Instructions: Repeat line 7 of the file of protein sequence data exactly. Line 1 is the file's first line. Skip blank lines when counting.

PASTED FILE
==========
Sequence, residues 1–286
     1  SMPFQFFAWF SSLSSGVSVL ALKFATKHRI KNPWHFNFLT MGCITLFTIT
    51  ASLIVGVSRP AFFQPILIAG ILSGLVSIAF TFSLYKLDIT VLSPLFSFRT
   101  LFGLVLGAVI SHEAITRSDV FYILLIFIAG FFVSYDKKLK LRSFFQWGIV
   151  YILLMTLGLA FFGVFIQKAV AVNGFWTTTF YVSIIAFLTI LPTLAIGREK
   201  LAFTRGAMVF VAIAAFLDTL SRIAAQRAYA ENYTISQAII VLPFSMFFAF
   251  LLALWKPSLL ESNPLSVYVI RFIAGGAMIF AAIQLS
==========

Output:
   251  LLALWKPSLL ESNPLSVYVI RFIAGGAMIF AAIQLS